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Jerry, what are the disadvantages of making car bodies from composites rather than steel or aluminum?  Why would an engineer choose not to use composites?  I don't believe it is based on a refusal to admit materials properties.

Quill pens are lighter than ball-point pens, but that doesn't make them better.

Critic
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Platinum
Citroens
Critic   7/29/2015 5:50:02 PM
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@cookiejar:

70 years and 50 years?  My calculator tells me that 1954 was 61 years ago, but Citroen did spend about 18 years developing the DS.  1974 was 41 years ago, so why did you use the "50 years" figure?  Did the CX also take forever to develop?

You say positive things about the DS, but to be fair, and so people won't think you are a Citroen salesman, here are some of its disadvantages: 

1. It was grossly underpowered and accelerated poorly.  This is fine if you are not in a hurry and don't mind being passed by every other car on the road.

2. It is an ugly, ugly car, and most people don't like the way it looks.  Citroen is famous for making ugly cars.  Beauty is in the eye of the beholder, and it's wonderful that you think it's a great car, but auto manufacturers tend to be more successful when they make good-looking cars.

3. It had head room, but it was narrow.

4. The ride was smooth, but the suspension soft.  Its handling was OK, but nothing to write home about.  There are lots of cars that have better handling characteristics.

5. It had serious rust issues.

Why do you think that cast iron is a lightweight material for engine blocks?

One of the problems with owning an unusual car is that parts and repair labor can be astronomically expensive.

cookiejar
User Rank
Platinum
One step forward two steps back.
cookiejar   7/29/2015 1:36:40 PM
How can a 70 year old deisgn put modern car designs to shame?  Why isn't the remakable design used as a benchmark?

The Citroen DS, introduced in 1954, introduced very low CX, radial ply tires, hydro-pneumatic suspension, first production disk brakes etc. etc. It was very roomy.  At 6'4", I could wear a hat and with the driver's seat set for my height and cross my legs in the back seat while wearing a hat.
 
It featured lightweight materials like a cast iron engine block, aluminum hood and fiberglass roof bringing its weight in at a very low 2700 pounds.  To put that into perspective: the new Fiat 500 weighs 2600 pounds.  The Citroen model CX introduced in 1974 maintained the same light weight with remarkable safety features - into a barrier wall at 40mph at an angle of 60 degrees leaving 3 of its 4 doors fully functioning - imagine the twisting action on the passenger cage!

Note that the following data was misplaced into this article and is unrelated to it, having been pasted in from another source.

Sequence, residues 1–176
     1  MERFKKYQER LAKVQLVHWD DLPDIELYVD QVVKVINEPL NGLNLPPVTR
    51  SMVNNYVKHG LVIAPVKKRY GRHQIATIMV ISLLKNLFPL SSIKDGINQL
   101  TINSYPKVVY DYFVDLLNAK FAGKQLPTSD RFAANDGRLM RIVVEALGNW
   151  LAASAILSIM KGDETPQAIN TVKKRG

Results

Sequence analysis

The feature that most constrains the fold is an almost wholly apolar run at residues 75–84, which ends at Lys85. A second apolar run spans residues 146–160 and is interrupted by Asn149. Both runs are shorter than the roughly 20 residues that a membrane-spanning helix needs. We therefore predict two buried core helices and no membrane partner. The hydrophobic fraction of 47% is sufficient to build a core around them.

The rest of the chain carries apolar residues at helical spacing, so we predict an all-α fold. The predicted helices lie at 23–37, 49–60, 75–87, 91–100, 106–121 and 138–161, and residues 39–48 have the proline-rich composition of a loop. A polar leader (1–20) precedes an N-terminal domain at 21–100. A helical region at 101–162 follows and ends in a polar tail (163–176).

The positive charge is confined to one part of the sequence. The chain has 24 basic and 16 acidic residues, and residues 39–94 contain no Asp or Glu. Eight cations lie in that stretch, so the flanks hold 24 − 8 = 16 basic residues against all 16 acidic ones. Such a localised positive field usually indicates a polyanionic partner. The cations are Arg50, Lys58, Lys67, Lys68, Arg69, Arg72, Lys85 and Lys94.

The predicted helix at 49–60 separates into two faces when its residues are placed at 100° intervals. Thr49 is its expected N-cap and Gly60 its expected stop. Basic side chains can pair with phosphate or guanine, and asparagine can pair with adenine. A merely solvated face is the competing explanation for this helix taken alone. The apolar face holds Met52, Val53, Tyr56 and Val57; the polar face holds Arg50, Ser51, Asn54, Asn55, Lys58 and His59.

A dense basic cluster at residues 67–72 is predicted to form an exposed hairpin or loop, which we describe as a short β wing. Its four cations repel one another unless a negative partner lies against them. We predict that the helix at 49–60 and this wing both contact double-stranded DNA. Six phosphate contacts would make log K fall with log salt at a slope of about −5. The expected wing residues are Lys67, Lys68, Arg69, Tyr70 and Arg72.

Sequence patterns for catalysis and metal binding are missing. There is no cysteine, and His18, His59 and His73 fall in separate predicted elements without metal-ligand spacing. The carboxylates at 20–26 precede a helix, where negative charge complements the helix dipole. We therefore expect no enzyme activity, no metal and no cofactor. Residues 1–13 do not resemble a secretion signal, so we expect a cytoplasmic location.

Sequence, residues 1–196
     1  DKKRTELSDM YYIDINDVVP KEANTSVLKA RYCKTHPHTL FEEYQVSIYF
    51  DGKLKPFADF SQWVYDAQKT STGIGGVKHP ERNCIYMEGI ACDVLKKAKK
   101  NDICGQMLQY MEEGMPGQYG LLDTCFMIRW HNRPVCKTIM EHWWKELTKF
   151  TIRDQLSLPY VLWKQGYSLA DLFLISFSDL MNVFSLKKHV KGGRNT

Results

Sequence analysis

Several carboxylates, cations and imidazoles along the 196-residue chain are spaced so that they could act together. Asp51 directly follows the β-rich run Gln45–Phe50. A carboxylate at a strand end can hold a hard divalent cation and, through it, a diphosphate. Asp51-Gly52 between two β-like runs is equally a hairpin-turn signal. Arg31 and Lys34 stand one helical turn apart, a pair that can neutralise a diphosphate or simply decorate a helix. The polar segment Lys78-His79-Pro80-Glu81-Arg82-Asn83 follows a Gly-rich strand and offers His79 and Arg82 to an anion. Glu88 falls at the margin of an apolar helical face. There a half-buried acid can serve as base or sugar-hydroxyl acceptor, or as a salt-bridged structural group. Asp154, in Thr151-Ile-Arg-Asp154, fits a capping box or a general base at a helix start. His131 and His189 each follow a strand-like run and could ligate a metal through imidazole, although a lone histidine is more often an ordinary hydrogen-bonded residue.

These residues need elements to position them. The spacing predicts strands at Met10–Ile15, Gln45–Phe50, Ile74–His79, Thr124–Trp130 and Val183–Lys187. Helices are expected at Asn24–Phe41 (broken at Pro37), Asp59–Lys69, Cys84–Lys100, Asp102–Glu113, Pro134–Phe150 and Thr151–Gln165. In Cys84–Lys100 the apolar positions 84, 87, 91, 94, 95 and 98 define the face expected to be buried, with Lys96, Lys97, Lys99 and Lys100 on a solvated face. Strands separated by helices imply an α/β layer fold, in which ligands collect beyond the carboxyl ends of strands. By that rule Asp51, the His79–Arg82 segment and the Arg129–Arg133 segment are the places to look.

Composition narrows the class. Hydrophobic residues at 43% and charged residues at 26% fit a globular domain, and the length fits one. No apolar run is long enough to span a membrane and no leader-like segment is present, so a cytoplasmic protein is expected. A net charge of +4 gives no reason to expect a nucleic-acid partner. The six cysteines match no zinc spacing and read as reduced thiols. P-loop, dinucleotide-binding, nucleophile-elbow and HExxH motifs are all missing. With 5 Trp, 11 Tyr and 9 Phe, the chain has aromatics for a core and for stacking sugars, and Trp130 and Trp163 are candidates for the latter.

The DS rode smoother than my 4000 pound Buick Lucerne CXS with GM's magnetic ride and handled with utmost precision with no rubber bushings anywhere in the suspension.  I could go on and on about the amazing characteristics of the 70 year old and 50 year old Citroen designs, unmatched by any of today's designs.

It's small wonder that the Citroen DS was voted the most significant car of the 20th century by the international association of automotive writers.  But it seems to be totally unknown by today's automotive engineers.

Jerry dycus
User Rank
Gold
real weight savings
Jerry dycus   7/29/2015 10:15:10 AM
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Sadly these'engineers refuse to admit  that composites is stronger and 40% lighter making these tiny gains look puny because they are.

Notice they use CF as an example on purpose to show how costly compposites are when the correct layup in medium tech FG, Kevlar type fabrics is only a couple % heavier than CF at 10% of the cost.

Not ony that but that layup is far better in crash protection than metal, CF ever could be.

Once you've lost 40% of the body/chassis weight all the other weights drop to including battery packs which composites lower weight saves 35% of the pack for the  same range.

And 30-50% of the weight of everything else.

I can build and have  these body/chassis for less than they do in steel, alum too.

But even when big auto does CF composites like the i3 they sit it on a heavy alum frame, etc that increases it's weight 50%!!! 

As it weighs more than steel cars the same size, what is the point of using CF? 

If the CF body can handle rollover, etc crashes, it can easily hand bolting the suspension, batteries, etc right to the body and leave the frame off.  It is what I, F-1, Ferrari, McLaren, etc do.

Why can't BMW?